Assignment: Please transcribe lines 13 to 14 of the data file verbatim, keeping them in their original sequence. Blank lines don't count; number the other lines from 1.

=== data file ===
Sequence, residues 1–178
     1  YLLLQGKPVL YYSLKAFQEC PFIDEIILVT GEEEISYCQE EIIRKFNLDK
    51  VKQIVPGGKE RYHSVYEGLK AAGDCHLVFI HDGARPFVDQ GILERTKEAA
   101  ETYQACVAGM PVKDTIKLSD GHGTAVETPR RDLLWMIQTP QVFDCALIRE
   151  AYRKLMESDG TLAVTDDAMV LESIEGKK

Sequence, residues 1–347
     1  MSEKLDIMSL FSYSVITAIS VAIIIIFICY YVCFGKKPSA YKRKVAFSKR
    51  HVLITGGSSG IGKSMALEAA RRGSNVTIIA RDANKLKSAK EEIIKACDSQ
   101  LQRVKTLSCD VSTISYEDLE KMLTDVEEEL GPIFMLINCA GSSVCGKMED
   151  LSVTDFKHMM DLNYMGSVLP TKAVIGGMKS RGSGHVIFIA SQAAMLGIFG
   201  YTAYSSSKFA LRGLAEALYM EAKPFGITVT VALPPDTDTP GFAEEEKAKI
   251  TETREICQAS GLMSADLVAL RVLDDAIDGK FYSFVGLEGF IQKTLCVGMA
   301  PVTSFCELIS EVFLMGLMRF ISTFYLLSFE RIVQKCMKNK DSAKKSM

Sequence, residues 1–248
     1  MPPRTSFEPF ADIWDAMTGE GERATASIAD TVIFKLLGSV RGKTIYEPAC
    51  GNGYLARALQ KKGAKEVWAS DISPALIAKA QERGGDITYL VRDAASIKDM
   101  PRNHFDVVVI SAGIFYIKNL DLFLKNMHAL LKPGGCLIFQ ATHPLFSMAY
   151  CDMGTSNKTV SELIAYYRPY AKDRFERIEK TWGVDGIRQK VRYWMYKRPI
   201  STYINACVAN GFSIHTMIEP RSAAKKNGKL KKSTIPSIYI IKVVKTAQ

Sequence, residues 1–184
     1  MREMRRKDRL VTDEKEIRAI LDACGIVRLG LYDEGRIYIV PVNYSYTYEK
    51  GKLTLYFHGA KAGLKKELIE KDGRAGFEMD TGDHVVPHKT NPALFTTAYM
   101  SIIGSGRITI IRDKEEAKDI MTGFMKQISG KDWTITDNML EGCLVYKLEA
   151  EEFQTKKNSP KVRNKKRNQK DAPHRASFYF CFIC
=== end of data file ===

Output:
   301  PVTSFCELIS EVFLMGLMRF ISTFYLLSFE RIVQKCMKNK DSAKKSM

Sequence, residues 1–248